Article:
Tips and Techniques

Query Tip of the day: Creating a Query from a PeopleSoft Component Name

By Larry Grey • June 24, 2010

One of the biggest challenges of end-users is to figure out where the data they want to query against resides. This is yet another tip from our “Advanced Query Tips and Techniques” webinar. By combining the PeopleCode Query Classes with knowledge of the PeopleTools tables underlying the component definition, you can provide a page that allows queries to be easily created.

Getting the Records to put in the Query

Probably the most important part of this is to figure out what records are in a component (and then subsequently weeding out the extraneous records from the list). This information is stored in the PSPNLFIELD and PSPNLGROUP records (the PSPNLGROUP record tells you the list of pages you need to look at, and the PSPNLFIELD record tells you what records and fields are on those pages.

Here is sample peoplecode that will log the list of records from a component.

Now, let’s get to the good stuff

Instead of extending our code to get the records to include in the query, we will start with some code to create a simple query definition, and then extend it accordingly. Here is the code to create a “Hello World” query against the GL_ACCOUNT_TBL record.

Add multiple fields to Query

The next step is to extend our code to add multiple fields to the query definition. For the purposes of this step, we are hard-coding the record alias to be “A”, and passing in the field name for both the query fielname and query field heading.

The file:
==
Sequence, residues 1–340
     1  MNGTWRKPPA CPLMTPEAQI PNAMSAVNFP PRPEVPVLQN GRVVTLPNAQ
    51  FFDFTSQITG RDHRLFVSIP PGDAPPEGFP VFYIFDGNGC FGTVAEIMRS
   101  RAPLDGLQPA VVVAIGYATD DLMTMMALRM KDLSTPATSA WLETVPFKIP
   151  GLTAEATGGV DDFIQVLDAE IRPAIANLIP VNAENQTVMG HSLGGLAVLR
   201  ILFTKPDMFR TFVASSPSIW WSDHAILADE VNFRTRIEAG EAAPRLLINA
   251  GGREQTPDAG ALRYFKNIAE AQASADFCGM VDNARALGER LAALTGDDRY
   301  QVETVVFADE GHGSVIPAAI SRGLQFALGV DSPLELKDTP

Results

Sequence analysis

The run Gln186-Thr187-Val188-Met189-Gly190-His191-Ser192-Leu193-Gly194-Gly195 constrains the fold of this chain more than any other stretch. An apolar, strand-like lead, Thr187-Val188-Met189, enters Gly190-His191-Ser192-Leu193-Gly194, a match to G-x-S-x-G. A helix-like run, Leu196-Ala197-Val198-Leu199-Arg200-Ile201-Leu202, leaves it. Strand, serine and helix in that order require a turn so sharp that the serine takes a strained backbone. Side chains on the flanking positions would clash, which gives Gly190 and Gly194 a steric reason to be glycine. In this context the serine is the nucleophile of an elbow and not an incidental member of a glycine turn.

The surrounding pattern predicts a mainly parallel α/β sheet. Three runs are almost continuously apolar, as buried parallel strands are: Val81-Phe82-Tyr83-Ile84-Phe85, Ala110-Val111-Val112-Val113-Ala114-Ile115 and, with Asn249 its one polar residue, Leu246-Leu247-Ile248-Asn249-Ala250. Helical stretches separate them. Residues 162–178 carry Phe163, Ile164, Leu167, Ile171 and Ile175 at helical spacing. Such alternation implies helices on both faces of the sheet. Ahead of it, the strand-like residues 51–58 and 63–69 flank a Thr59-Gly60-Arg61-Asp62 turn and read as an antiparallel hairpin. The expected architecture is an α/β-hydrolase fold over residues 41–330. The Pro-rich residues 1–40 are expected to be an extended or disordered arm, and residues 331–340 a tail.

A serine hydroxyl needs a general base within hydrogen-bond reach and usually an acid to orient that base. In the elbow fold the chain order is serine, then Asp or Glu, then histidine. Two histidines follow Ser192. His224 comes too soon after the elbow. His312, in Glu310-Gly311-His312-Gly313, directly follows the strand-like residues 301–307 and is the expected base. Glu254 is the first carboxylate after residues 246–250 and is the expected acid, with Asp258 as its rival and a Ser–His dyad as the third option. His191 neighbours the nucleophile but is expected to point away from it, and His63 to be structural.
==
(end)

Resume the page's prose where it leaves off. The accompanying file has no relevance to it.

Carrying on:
Here are the modifications to accomplish this.

Determine what fields to add the query

The next step is to add the logic to determine which fields we should add to the query from the current record. As the goal is to identify the records for a starting point, we are taking the approach of adding the key fields of the current record to the query.

This information is stored in the PSRECFIELD table, in the USEEDIT field. This field is a bitmap integer where each base-2 position is a switch for a different attribute.

Here are the modifications to accomplish this.

Dynamically add records to Query

Now that we’ve got a single record and its key fields being added to our query, the next step is to add more than one record by selecting against the PSPNLFIELD and PSPNLGROUP records.

In addition to putting in the appropriate selection and looping logic, it is important to keep track of the alias by which the record will be referred (this ensures that logic for adding the selected fields puts the fields in the proper place). To accomplish this, we are using the Char peopletools function and adding 64 to the index value (65 is the ascii value of “A”).

Here are the modifications to accomplish this.

Expanding to handle more records